You started crawling shortly after you started sleeping through the night. Goodness! You couldn’t give your poor old mama a break, could you? I went from being exhausted from not sleeping for more than three hours at a time, but grateful that I could put you on a blanket with some toys and you would be entertained for hours, to more well-rested, but still exhausted from chasing after you all day long. You had mobility baby, and you were loving every minute of it! Freedom! I could see your mind at work as you crawled with lightening fast speed from one place to the next. It was a cross between, “Hey! Look at me! I can get to the room where my food is all BY MYSELF!” and “Heh heh heh! You just TRY to stop me now!” The baby gates went up around the house, and we purchased you a very large containment pen for those times when I really needed to take a shower or go to the bathroom in private. Since we had it filled with toys, you didn’t seem to mind it too much. That pen later helped you with your ability to stand and pull yourself up. It also flexed your climbing muscles, but we won’t get into that. I just thanked the Lord that we had purchased the super stable variety of pen.
Then, one day, you were walking around the coffee table. Holding onto it of course. But there you were… Walking! We were so excited! After all, you weren’t even 10 months old when it happened. Your Daddy and I helped you and pretty soon (almost instantly) you were standing without any assistance from us. Then… after much cajoling and encouragement, you took your first two unassisted steps in a row! You were 10 months and 1 week old! Bless you! We were so excited and we called literally EVERYONE we knew to brag about it. Ohhhhhh boy! Our baby’s walking! We are the freaking king and queen of parents! Our baby’s going to be an athletic star! Just look at that coordination, baby! You had achieved the ULTIMATE baby mobility milestone before you were ONE!!! All right, we were stupid. If I thought chasing you while you were crawling was exhausting, I was in for a whole new level of worry and running around after you with this walking thing.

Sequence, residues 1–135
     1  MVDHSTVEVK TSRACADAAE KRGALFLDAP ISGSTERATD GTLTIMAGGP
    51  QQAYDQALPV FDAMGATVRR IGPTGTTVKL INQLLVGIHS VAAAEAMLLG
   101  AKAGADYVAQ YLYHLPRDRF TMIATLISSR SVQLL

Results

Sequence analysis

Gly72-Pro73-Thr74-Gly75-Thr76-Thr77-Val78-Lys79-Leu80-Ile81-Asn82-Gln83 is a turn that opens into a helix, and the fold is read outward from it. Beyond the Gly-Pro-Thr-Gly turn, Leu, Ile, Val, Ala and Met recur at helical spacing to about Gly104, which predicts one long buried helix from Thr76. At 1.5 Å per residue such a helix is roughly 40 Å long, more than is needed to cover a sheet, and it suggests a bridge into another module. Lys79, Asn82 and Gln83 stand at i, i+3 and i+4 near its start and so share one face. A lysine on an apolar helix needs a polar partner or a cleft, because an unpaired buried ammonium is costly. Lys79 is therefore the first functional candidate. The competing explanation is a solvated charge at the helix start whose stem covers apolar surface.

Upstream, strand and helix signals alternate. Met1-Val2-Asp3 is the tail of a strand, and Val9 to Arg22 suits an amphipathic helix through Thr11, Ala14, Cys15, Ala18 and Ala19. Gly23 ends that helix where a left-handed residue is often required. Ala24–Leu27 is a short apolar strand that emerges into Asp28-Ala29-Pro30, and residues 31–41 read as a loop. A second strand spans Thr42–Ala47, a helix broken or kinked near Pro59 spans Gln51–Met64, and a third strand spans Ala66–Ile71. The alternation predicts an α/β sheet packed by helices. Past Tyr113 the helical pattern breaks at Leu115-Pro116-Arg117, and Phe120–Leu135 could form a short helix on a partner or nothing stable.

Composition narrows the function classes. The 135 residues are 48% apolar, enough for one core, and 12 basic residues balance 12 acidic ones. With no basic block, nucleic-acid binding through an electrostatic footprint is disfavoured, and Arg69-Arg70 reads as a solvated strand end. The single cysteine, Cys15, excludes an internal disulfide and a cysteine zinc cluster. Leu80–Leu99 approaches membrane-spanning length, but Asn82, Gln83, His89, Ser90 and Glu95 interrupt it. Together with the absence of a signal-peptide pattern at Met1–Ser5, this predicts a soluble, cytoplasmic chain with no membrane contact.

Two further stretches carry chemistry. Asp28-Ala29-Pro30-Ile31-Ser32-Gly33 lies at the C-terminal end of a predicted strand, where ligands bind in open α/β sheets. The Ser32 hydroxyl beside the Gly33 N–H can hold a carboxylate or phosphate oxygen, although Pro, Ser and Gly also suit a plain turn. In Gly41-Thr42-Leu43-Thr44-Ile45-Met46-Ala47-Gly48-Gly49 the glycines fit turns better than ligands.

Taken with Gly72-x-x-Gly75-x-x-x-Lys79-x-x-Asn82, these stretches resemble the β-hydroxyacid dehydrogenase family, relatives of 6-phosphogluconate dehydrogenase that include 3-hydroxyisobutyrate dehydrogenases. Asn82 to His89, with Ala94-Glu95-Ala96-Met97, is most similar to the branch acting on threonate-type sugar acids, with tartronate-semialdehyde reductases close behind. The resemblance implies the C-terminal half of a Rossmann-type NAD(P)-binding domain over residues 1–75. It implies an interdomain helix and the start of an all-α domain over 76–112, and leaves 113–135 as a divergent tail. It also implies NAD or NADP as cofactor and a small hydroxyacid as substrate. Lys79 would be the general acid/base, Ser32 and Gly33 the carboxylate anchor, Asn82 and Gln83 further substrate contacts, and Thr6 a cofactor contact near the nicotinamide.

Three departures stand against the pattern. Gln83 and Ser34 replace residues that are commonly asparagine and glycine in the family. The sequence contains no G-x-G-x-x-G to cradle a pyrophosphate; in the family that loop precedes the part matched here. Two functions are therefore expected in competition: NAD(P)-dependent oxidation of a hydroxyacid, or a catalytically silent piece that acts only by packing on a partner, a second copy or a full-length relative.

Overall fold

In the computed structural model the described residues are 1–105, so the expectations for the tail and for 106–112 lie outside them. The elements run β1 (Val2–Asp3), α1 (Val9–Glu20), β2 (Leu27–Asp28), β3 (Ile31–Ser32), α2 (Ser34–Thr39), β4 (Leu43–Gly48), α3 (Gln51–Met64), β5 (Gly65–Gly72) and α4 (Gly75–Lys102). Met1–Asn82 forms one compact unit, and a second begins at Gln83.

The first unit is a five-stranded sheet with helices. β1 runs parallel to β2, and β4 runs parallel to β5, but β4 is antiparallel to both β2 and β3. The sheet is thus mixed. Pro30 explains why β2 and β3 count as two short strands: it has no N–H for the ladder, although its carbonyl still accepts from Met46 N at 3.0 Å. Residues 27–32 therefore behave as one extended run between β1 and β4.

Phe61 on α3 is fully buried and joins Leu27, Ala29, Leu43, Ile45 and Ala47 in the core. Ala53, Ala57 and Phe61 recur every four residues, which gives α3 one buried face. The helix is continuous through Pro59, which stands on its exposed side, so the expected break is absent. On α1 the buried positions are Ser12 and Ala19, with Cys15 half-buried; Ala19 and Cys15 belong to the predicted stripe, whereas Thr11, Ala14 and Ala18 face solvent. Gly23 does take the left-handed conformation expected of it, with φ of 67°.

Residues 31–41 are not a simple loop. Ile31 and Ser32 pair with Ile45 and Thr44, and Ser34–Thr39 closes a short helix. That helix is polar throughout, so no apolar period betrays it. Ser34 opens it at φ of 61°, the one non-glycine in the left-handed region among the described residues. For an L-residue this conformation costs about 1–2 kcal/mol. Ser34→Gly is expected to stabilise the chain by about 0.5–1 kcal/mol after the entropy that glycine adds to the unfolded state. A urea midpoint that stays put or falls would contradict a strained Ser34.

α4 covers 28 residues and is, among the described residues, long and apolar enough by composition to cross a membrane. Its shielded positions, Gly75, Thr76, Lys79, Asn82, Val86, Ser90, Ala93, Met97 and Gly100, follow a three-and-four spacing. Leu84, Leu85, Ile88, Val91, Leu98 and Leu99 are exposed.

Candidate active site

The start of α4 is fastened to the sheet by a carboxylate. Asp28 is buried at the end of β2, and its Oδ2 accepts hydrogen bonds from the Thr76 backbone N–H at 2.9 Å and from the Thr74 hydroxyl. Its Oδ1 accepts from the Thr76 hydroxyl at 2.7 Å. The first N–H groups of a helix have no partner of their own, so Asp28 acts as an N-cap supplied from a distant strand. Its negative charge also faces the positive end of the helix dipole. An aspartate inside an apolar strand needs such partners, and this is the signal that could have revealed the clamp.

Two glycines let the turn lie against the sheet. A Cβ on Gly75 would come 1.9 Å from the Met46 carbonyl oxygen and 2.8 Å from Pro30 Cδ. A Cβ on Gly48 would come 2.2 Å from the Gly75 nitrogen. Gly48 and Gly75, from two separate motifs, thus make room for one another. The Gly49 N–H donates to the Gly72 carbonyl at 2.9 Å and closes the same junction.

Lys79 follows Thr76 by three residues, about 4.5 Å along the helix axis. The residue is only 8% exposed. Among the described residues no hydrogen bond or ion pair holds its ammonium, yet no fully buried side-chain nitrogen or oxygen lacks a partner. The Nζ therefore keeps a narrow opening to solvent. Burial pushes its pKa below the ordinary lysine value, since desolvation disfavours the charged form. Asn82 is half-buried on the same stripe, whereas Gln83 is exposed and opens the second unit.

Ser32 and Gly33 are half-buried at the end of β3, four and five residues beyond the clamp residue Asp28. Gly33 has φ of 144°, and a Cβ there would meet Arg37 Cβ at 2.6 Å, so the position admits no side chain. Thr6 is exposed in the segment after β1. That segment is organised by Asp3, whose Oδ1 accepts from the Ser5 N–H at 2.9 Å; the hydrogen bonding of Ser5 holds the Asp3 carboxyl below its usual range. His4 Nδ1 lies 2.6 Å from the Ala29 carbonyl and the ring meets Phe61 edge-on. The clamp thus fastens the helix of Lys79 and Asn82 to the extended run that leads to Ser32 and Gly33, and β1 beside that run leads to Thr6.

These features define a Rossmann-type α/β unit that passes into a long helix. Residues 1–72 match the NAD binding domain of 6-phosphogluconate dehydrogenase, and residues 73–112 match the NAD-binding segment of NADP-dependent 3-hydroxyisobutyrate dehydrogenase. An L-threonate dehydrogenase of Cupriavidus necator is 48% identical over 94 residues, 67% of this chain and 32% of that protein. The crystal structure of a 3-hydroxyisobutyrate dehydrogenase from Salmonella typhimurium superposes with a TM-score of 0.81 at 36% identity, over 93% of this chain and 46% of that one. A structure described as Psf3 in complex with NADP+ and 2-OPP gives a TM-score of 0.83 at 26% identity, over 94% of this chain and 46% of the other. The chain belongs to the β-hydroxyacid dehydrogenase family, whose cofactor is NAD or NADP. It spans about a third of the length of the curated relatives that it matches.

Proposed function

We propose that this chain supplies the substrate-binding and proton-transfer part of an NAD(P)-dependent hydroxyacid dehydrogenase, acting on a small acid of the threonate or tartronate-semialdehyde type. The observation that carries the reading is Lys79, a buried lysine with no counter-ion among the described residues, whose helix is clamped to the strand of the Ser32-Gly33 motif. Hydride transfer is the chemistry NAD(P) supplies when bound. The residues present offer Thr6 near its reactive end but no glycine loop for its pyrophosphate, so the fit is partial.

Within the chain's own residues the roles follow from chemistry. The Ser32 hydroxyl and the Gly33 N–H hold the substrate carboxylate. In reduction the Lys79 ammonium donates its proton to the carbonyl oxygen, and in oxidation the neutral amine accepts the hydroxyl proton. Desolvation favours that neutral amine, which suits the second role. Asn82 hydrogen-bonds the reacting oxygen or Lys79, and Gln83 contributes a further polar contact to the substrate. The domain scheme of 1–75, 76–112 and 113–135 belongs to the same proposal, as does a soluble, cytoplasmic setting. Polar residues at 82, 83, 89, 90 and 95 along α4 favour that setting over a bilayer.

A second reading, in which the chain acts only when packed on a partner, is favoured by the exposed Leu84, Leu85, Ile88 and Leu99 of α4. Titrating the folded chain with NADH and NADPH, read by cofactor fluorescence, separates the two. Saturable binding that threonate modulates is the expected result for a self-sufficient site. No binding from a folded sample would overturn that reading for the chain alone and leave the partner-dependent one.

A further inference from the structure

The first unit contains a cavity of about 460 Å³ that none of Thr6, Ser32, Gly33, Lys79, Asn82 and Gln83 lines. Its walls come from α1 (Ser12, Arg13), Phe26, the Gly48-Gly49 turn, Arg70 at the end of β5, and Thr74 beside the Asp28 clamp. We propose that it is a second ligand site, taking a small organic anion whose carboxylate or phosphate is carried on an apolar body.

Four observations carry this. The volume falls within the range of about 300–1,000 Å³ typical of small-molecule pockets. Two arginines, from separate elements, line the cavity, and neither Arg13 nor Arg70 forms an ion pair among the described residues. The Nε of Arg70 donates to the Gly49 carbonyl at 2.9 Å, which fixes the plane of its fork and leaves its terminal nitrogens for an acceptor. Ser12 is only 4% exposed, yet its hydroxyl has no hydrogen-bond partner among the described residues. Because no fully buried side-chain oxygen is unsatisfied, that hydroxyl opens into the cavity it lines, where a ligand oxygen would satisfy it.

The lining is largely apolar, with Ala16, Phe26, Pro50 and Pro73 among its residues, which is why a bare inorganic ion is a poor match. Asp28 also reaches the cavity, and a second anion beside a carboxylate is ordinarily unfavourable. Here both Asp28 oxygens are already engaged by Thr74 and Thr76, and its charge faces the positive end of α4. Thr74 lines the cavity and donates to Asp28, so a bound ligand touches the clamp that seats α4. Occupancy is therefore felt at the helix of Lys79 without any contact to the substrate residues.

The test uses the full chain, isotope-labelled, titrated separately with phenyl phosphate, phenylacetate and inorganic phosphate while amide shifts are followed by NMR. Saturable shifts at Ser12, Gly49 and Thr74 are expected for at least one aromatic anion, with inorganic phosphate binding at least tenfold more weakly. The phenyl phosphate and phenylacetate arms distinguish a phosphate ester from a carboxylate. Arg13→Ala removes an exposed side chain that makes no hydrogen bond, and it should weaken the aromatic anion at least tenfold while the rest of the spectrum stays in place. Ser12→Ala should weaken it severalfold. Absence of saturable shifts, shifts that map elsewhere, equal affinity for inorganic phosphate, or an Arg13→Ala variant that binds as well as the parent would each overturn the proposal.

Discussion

The week after Labor Day in 2004, you began Mother’s Day Out at First Baptist Church of Round Rock. What a dream come true! You made friends, played, learned songs, ate snacks, had your diaper changed by someone other than me, and most importantly, GAVE MOMMY FIVE HOURS A DAY, TWO DAYS A WEEK ALL TO HERSELF! Bless you for that!
And oh boy! Were you ever talking! I stopped counting the words you could speak when you hit the 40th one. That happened just after your first birthday. We could tell you were starting to try to repeat words back to us and we encouraged it, deriving an insane amount of pleasure in your efforts. You could differentiate between football and baseball and could even say the names (foo-ball, ba-ball). You and your Daddy could sit for long periods of time, watching the action go by on TV. And now you were able to articulate your demands on a regular, okay constant basis. Milk! Bread! Elmo! Car! Drive Car! Go Home! Wanna Eat! Momeeeee! Daddydaddydaddydaddy!!! You started speaking in sentences. Then you started counting. “One, two, three, GO!” And saying your colors. Honey you were and still are academically brilliant! You may only speak one language (sorry for not teaching you Spanish or Sign Language), but by golly, you speak it better than just about anybody!
Of course, we have come to regret the whole parroting thing, since now we don’t need to encourage it. It just happens. Like the other day when you asked me to stop at the store and get beer (heard from Daddy), or when you walked around the house screaming, “Oh! My! God!” (heard from Mommy), or just last night when you finished chewing up a piece of ravioli, let out a huge sigh, and said, “Fucking cat.” (That would be Daddy’s fault!). Mommy and Daddy MUST work on our potty mouths!
As the two years passed us by in a whirl of activity and constant change, one thing has remained unchanged. Mommy and Daddy love you more than the world and everything on it.